Using mouse models that have immune systems composed of human cells, researchers led by J. Victor Garcia, PhD, found that an antibody combined with a bacterial toxin can penetrate HIV-infected cells and kill them even though standard antiretroviral therapy, also known as ART, had no effect. Killing these persistent, HIV-infected cells is a major impediment to curing patients of HIV.
“Our work provides evidence that HIV-infected cells can be tracked down and destroyed throughout the body,” said Garcia, professor of medicine and senior author of the study published January 9 in the journal PloS Pathogens.
For people with HIV, ART is life-saving treatment that can reduce the amount of virus in the body to undetectable levels. But as soon as treatment is stopped, the virus begins to replicate again. This means that people with HIV must be on medications for life. For some people, therapies are not without serious side effects.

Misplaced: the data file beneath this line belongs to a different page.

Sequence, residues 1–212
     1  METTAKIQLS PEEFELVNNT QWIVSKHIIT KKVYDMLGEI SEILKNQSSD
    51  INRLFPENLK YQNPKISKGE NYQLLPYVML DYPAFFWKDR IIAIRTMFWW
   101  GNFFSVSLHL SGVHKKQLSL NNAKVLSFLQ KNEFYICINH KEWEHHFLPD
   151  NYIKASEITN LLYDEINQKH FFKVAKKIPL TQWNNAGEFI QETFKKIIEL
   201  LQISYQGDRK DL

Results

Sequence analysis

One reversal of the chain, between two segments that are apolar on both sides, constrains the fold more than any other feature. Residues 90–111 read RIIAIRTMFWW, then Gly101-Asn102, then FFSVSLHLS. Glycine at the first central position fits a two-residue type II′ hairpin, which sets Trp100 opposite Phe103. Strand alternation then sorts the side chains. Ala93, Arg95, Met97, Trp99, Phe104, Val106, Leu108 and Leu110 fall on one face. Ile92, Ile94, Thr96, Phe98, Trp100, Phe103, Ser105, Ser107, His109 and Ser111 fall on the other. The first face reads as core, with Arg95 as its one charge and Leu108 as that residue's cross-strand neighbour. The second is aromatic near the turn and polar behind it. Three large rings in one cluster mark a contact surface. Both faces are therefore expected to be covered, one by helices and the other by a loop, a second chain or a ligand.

In patients on ART, the virus either remains dormant or it multiplies very slowly – it persists, hidden, even though a cocktail of drugs is aligned against it.
Read more at: MedicalXpress